A tribal thatched hut in the Durjodhon Para, Lama
A tribal thatched hut in the Durjodhon Para, Lama

Manikjon Para and Durjodhon Para are two nearby villages of Saint Peter’s Church, Lama. Manikjon para is only two minutes walking distance from the church and Durjodhon para is about 10 minutes. I was privileged to take a walk through these two villages accompanied by Rev Fr. Samar Dango, OMI and Sr. Mamata Palma, LHC during one of my visits to Lama parish. Oblate priest Fr. Samar Dango was the first parish priest of Lama upon it’s creation on 2013 till 2017. Then he also became the first rector of the Sacred Heart of Jesus Minor Seminary at Alikadam from 2018-2022.

Tribal house in the Manikjon para, Lama, Bandarban

Sr. Mamata Palma, LHC also served in the Lama parish during 2014-15. She was the house superior of LHC sisters at Lama. On the other hand, I visited the parish only couple of times before. During our walk both Fr. Samar and Sr. Mamata were reminiscing their pastoral experience in the Lama parish. During that time, it was completely a different scenario. Roads, electricity, transport these were just a dream back then for the people at Lama.

A villager’s smiling reaction when she could recognize the former parish priest

Our little walk was halted several times as many of the passers by came to greet Fr. Samar and Sr. Mamata. Some of the older people in the area don’t understand Bengali very well but the conversation didn’t stop. Both Fr. Samar and Sr. Mamata exchanged thoughts by the means of few Kokborok (Tripura vocabulary) words learnt from their previous experience in the area. Apart from the few passers by who were mostly old people, I didn’t see any other adults in the villages we were going through. I only found the children playing around by themselves.

quite and peaceful Durjodhon para under Lama parish

Where is everybody? Sr. Mamata then told me that both the parents go to the fields early in the morning for Jhum cultivation and return just before dusk. Then slowly the villages get lively. lighths will be lit one by one and the houses will be cheerful. But till then the children will be all by themselves. So night time might be the best time to be in this villages.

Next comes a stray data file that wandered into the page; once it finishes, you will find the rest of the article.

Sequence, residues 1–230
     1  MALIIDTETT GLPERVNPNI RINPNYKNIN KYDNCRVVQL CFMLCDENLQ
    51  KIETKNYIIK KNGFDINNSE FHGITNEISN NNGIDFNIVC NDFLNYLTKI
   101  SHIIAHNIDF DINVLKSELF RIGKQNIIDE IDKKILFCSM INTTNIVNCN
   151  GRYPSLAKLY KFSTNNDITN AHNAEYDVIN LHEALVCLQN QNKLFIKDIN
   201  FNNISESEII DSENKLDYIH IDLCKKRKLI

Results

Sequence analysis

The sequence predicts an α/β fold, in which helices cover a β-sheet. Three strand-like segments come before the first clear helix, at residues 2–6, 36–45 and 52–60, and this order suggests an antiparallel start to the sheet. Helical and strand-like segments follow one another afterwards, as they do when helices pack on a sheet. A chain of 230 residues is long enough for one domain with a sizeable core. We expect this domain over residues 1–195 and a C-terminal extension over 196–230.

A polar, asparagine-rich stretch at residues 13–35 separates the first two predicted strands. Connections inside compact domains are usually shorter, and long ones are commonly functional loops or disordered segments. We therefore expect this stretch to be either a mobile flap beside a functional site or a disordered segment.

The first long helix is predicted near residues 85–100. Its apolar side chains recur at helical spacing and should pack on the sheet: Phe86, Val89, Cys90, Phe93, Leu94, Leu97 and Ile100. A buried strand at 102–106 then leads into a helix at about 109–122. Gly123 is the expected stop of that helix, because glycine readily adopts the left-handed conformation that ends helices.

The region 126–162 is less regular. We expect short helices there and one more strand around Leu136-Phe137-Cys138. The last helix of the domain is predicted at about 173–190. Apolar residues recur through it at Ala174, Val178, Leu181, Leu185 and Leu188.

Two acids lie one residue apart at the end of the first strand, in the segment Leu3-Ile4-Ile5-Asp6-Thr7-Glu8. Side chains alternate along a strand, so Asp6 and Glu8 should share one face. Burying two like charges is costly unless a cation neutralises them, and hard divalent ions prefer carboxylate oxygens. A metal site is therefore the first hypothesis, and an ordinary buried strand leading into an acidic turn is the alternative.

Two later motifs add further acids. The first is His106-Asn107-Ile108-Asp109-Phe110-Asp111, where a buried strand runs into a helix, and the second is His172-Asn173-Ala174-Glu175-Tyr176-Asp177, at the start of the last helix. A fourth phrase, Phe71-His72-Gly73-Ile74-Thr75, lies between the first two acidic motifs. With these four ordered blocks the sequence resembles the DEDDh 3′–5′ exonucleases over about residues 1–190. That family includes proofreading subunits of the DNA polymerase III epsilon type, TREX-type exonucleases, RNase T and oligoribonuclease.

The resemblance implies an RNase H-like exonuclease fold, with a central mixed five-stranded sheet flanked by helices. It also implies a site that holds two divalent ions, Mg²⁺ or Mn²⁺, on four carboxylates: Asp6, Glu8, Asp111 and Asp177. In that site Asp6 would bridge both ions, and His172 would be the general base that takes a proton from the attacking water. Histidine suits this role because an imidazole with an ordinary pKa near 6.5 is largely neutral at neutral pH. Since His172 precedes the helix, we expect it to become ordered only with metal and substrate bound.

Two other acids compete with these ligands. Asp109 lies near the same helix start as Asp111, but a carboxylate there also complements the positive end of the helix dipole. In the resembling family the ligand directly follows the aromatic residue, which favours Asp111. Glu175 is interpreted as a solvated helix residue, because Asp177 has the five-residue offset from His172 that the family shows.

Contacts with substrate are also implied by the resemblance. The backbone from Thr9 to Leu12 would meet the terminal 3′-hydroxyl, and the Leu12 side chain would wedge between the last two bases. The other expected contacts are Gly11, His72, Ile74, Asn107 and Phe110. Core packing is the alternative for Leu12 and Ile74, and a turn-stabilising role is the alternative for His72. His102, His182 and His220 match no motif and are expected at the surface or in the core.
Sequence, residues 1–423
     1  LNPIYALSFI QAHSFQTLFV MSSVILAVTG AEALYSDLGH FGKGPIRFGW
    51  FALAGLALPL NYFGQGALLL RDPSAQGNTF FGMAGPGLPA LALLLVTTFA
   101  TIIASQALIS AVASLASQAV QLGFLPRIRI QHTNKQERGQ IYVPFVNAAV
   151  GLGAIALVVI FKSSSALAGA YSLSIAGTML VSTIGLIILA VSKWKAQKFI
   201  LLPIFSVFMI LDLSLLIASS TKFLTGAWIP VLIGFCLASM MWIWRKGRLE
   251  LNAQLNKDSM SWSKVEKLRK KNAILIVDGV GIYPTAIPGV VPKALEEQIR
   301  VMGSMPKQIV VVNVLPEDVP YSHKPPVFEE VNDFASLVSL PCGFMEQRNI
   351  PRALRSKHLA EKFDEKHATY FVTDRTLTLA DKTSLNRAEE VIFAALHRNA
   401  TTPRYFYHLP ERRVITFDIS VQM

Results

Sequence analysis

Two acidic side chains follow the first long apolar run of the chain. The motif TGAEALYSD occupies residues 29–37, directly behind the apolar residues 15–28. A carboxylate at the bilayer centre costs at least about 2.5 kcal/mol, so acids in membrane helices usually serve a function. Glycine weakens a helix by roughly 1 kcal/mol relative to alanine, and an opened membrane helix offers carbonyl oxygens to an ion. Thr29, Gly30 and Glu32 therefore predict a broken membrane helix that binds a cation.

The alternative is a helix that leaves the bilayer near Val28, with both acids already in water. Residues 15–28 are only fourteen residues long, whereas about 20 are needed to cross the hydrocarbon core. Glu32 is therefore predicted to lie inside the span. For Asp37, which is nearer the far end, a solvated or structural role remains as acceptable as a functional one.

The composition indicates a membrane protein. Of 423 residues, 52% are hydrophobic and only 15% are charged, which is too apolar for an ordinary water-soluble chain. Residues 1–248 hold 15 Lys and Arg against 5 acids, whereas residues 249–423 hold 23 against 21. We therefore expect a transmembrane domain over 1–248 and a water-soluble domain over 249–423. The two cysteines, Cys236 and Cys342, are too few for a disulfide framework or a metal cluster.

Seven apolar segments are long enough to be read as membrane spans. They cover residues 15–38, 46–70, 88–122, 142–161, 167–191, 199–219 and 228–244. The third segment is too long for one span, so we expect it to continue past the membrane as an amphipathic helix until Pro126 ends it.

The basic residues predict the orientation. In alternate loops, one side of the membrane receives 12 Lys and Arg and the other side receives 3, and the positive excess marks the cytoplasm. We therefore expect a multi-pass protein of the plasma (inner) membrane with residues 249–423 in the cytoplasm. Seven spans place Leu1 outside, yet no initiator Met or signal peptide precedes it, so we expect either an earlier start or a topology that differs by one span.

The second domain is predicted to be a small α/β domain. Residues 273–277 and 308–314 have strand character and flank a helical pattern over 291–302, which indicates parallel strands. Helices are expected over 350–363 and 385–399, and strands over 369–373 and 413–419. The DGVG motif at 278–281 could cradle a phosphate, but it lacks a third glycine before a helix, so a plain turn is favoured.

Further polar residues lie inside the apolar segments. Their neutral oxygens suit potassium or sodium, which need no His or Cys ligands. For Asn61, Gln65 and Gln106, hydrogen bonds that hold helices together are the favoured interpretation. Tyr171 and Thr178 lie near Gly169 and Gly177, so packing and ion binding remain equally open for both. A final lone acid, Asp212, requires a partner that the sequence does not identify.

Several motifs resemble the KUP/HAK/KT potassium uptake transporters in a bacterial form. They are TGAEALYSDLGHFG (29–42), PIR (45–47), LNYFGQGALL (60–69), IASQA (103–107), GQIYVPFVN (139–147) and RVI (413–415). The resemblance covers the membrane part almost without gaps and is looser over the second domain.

Inside a tribal house in durjodhon para
Inside a tribal house in durjodhon para

One special thing about these two villages is that whenever any program is arranged and people from all other villages come to the parish center they are accommodated by the people of these two villages. This is a very good example of the solidarity in the Catholic church. Along with Fr. Samar and Sr. Mamata I went inside a house and was amazed to see that here were no furniture in the house but there was an alter with.

The tribal people are very simple. They live very close to the nature. But most of the time They are suppressed and oppressed in many ways. They are easily deceived by the cunning Bengali settlers. They don’t get good price for their crops. They are being pushed more and more deeper in the rural areas and the plain lands are being occupied by the settlers. Tribal farmers face many problems if they want to cultivate their lands by themselves. For example, crops are destroyed by cattle, stolen by the local children, rotten crops etc. As a consequence they are forced to lease their lands to Bengali settlers after which all the problems miraculously vanishes. Our walk went on through the peaceful villages, through the bittersweet lives of the tribal people in CHT.

Mickey Paul Gonsalves
Development Coordinator, Archdiocese of Chattogram



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